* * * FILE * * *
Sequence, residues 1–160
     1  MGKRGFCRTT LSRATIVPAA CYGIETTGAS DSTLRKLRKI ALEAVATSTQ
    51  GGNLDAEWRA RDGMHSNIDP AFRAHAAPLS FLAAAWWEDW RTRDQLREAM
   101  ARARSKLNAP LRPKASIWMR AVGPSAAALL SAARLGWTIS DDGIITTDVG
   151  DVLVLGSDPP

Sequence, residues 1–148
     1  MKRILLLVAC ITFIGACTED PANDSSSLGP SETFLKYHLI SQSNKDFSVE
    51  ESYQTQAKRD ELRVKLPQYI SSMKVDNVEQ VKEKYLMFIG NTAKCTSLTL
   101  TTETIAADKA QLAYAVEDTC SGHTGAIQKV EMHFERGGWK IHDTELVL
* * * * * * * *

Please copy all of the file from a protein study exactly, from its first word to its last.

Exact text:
Sequence, residues 1–160
     1  MGKRGFCRTT LSRATIVPAA CYGIETTGAS DSTLRKLRKI ALEAVATSTQ
    51  GGNLDAEWRA RDGMHSNIDP AFRAHAAPLS FLAAAWWEDW RTRDQLREAM
   101  ARARSKLNAP LRPKASIWMR AVGPSAAALL SAARLGWTIS DDGIITTDVG
   151  DVLVLGSDPP

Sequence, residues 1–148
     1  MKRILLLVAC ITFIGACTED PANDSSSLGP SETFLKYHLI SQSNKDFSVE
    51  ESYQTQAKRD ELRVKLPQYI SSMKVDNVEQ VKEKYLMFIG NTAKCTSLTL
   101  TTETIAADKA QLAYAVEDTC SGHTGAIQKV EMHFERGGWK IHDTELVL